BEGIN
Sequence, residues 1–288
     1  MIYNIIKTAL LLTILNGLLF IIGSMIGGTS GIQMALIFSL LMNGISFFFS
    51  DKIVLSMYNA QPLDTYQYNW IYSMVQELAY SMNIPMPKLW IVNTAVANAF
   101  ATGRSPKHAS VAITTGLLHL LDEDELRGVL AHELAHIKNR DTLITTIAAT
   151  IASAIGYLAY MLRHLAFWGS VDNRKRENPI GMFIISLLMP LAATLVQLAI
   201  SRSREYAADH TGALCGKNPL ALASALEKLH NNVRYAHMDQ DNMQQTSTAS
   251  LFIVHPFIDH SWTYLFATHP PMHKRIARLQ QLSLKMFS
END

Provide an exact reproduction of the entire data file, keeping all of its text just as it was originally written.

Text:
Sequence, residues 1–288
     1  MIYNIIKTAL LLTILNGLLF IIGSMIGGTS GIQMALIFSL LMNGISFFFS
    51  DKIVLSMYNA QPLDTYQYNW IYSMVQELAY SMNIPMPKLW IVNTAVANAF
   101  ATGRSPKHAS VAITTGLLHL LDEDELRGVL AHELAHIKNR DTLITTIAAT
   151  IASAIGYLAY MLRHLAFWGS VDNRKRENPI GMFIISLLMP LAATLVQLAI
   201  SRSREYAADH TGALCGKNPL ALASALEKLH NNVRYAHMDQ DNMQQTSTAS
   251  LFIVHPFIDH SWTYLFATHP PMHKRIARLQ QLSLKMFS